Institut Français d'Archéologie Orientale <al-Qāhira> [Editor]; Mission Archéologique Française <al-Qāhira> [Editor]
Recueil de travaux relatifs à la philologie et à l'archéologie égyptiennes et assyriennes: pour servir de bullletin à la Mission Française du Caire — 13.1890

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A.-H. Sayce

§ I. — Inscriptions from the neighbourhood of Girgeh.

A number of interesting monuments exist opposite Girgeh, which are but little
known. As I have paid them three visits, and, on each occasion, have spent several hours
in exploring and copying, an account of them may be acceptable. The district opposite
Girgeh consists of a plain, enclosed on the west by the Nile and on the east by an amphi-
théâtre of clilïs. At the northern extremity, the clifîs project into the river; at the Sou-
thern end, they only approach the Nile and then turn aside to the south. At this latter
point is the village of Meshaikh; while, on the southern sideof the northern extremity of
the clifîs, is the village of Negadîyeh, close to the old Coptic monastery, Dêr em-Mclàk.
Between the two villages is an interval of about three English miles. In the cliff above
Meshaikh is a tomb of a certain jj || |1 ^ J, who lived in the reign of Meneptali I. Ho

is entitled a royal scribe; also ^ J-^I^JÏ^&Pc^P'Ç'Slf Y A 3'

and it is further said of him that he was ni ! ° Jj /-S . The inscrip-

\ A I I -^* AWvV\ I VJ. /WWv\ '_

tions with which the walls and columns of the tomb were covered are much damaged;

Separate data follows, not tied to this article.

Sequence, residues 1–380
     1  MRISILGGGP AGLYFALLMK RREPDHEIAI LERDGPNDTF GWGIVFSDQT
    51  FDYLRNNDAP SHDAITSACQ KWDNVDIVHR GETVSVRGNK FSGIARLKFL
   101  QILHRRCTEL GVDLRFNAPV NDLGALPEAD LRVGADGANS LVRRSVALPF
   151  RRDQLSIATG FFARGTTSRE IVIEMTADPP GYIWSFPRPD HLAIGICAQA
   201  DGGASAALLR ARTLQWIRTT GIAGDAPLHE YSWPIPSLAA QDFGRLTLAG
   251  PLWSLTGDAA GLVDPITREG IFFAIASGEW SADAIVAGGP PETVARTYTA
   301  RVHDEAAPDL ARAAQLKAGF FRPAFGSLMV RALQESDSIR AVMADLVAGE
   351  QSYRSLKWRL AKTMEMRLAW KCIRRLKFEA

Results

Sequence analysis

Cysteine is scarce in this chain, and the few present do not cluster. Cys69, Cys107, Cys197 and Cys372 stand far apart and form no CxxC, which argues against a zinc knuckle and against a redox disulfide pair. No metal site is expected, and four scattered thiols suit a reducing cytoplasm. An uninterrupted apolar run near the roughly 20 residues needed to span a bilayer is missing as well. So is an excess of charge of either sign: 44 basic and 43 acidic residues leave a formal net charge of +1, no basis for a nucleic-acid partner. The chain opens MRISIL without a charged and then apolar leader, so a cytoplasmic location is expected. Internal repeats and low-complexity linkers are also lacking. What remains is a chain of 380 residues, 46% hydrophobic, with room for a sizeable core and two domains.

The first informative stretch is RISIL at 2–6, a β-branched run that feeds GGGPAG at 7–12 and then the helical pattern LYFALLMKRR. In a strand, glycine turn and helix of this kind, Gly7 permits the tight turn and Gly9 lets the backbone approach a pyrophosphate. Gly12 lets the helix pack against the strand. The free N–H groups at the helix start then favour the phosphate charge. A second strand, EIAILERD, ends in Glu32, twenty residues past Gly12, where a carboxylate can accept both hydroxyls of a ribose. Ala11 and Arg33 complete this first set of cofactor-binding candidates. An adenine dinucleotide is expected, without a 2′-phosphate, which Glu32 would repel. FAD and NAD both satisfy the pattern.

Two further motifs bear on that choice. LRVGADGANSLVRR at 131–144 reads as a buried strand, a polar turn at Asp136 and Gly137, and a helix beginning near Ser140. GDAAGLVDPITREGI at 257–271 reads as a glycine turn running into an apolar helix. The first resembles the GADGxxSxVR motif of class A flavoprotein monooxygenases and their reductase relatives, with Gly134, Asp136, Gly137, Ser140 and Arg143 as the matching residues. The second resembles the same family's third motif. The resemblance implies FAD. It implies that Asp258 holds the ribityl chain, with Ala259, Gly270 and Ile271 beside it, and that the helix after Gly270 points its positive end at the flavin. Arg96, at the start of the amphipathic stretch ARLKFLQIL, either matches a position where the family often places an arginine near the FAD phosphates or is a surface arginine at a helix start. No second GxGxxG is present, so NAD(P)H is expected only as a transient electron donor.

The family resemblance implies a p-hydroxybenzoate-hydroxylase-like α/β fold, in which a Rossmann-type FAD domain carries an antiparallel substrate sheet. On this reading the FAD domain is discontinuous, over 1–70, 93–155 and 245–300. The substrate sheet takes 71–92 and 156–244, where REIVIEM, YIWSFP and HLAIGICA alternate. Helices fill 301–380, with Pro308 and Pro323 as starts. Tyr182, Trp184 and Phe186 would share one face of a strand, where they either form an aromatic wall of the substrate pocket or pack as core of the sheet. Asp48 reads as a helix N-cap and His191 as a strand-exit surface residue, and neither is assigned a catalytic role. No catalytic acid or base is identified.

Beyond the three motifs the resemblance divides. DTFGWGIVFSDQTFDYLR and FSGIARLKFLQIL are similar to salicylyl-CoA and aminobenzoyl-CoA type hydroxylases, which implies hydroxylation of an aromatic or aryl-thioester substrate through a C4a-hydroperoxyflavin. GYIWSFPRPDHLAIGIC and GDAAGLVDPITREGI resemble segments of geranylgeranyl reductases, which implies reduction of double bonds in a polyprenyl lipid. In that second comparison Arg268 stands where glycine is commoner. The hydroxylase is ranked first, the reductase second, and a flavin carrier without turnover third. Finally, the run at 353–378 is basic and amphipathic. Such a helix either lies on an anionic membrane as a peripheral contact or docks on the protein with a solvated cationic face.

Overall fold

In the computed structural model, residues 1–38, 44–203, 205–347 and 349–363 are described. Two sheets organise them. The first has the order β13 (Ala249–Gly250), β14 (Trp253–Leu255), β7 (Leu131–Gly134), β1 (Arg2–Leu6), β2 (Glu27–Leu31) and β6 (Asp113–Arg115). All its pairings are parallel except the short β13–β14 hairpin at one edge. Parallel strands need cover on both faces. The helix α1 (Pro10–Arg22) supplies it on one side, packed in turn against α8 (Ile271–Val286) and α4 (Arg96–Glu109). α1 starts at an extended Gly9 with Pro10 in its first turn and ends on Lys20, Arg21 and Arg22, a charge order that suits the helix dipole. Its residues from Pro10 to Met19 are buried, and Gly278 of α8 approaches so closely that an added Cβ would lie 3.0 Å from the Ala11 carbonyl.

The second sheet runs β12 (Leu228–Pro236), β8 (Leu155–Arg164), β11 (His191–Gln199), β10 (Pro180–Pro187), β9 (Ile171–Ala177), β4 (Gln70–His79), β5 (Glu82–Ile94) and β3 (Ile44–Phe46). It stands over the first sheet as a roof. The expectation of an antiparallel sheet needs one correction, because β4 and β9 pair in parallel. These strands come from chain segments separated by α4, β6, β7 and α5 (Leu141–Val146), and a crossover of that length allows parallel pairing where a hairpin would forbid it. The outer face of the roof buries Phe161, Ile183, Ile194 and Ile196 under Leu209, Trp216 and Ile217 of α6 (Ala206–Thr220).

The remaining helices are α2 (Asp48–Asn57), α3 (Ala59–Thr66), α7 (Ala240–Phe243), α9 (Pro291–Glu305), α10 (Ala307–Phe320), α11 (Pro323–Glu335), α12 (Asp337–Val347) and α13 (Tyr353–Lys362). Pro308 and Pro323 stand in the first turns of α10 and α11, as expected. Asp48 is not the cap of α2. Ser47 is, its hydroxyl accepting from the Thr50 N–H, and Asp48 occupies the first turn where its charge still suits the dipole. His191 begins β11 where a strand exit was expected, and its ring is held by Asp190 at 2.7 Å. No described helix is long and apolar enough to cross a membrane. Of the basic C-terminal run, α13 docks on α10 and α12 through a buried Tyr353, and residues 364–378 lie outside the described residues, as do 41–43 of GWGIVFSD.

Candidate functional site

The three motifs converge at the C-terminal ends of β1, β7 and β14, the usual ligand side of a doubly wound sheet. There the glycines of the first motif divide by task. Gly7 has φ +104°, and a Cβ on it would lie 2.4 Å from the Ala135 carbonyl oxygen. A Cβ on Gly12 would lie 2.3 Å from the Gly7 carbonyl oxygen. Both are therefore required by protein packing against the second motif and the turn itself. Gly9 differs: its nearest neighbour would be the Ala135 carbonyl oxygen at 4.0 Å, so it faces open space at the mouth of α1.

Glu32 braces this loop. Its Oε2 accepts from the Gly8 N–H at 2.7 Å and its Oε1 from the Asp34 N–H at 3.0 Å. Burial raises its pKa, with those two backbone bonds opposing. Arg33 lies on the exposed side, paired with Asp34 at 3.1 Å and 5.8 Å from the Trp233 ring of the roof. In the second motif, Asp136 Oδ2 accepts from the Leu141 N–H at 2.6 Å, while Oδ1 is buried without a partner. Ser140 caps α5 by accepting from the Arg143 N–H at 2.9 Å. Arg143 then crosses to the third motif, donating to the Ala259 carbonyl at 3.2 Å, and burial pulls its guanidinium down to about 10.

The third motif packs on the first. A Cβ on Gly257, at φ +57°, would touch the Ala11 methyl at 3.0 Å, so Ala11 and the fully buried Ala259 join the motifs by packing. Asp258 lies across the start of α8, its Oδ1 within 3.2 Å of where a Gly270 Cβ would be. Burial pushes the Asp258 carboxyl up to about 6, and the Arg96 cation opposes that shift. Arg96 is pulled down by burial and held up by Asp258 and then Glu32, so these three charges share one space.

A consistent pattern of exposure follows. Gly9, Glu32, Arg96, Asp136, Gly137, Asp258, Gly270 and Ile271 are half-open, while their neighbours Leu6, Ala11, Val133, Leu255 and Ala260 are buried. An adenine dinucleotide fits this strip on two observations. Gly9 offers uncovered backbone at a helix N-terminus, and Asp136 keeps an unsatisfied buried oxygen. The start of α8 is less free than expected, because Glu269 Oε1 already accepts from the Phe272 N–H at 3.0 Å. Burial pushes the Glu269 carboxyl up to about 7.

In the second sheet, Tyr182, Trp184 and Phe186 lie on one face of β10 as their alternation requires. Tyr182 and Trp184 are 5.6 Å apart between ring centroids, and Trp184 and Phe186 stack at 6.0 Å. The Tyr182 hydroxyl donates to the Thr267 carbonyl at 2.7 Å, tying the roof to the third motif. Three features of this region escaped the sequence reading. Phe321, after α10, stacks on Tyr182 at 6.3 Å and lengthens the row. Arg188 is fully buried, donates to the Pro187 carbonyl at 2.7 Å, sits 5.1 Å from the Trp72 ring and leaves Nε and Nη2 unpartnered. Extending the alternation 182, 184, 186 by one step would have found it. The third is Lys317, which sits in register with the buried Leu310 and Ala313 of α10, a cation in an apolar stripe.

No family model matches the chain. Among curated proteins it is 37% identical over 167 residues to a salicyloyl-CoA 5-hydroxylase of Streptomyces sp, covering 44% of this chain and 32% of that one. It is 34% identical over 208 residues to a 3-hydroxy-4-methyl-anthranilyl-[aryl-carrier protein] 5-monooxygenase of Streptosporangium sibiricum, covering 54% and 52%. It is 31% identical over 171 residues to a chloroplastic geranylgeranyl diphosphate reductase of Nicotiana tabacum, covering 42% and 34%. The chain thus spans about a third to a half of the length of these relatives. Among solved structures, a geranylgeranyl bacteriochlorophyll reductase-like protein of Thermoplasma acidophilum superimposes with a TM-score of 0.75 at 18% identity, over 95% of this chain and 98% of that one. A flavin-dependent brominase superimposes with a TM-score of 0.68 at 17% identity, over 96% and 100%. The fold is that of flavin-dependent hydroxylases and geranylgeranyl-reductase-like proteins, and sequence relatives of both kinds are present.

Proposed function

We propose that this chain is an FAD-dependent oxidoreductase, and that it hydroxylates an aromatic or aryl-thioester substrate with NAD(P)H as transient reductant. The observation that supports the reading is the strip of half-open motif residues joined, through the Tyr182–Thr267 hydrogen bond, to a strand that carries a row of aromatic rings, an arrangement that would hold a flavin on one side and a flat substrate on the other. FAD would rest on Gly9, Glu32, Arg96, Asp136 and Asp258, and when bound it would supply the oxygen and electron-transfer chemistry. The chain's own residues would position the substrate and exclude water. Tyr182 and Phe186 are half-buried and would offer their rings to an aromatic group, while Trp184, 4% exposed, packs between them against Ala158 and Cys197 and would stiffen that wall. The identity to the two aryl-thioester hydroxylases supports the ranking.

I have copied what remains of them. In the inner chamber of the tomb, two lions are
represented back to back supporting between them the rising sun jbj. This heraldic
représentation indicates Asiatic influence1. Below the tomb of Anhur-messu are a large
number of graves, excavated in the débris of the clifî in which the bodies of the poor were
buried. There are also a few tombs eut in the rock, and apparently of the Grseco-Roman
period, which are unornamented. Between thèse and the monuments above Negadîyeh,
which I am going to describe, there are no remains of antiquity. Attached to the Dèr
em-Melâk, the " monastery of the archangel " (Michael), is a large Coptic cemetery, to
which the dead of Girgeh are still carried. The cemetery is the successor of the ancient
tombs with which the clifl' behind it is Ml. Immediately at the back of the cemetery is
an isolated fragment of rock, which has been excavated into a tomb. On the exterior, I
discovered an inscription, showing that it belonged to a Roman soldier of the third
Cyrenaic légion. It is one of the few Latin inscriptions that have been found in Egypt,
and the letters are traced in thin Unes. The following is my third and last copy of it :

The final letter is probably an accidentai mark on the

c. UMIRIV3 fuscvs miles ^ man,g age being 53

leg iii CYirs«orinaicae . \ j j

To the north of the tomb is a row of tombs of the

S ivlii ivu

v lui l (?) Greek period excavated in the cliiï. Among them are some

tombs which belong to an earlier epoch, but every vestige

(1) On trouvera, dans les Monuments divers de Mariette (pl. 78, et Texte, p. 26-27), quelques-uns des
textes provenant de cette tombe.
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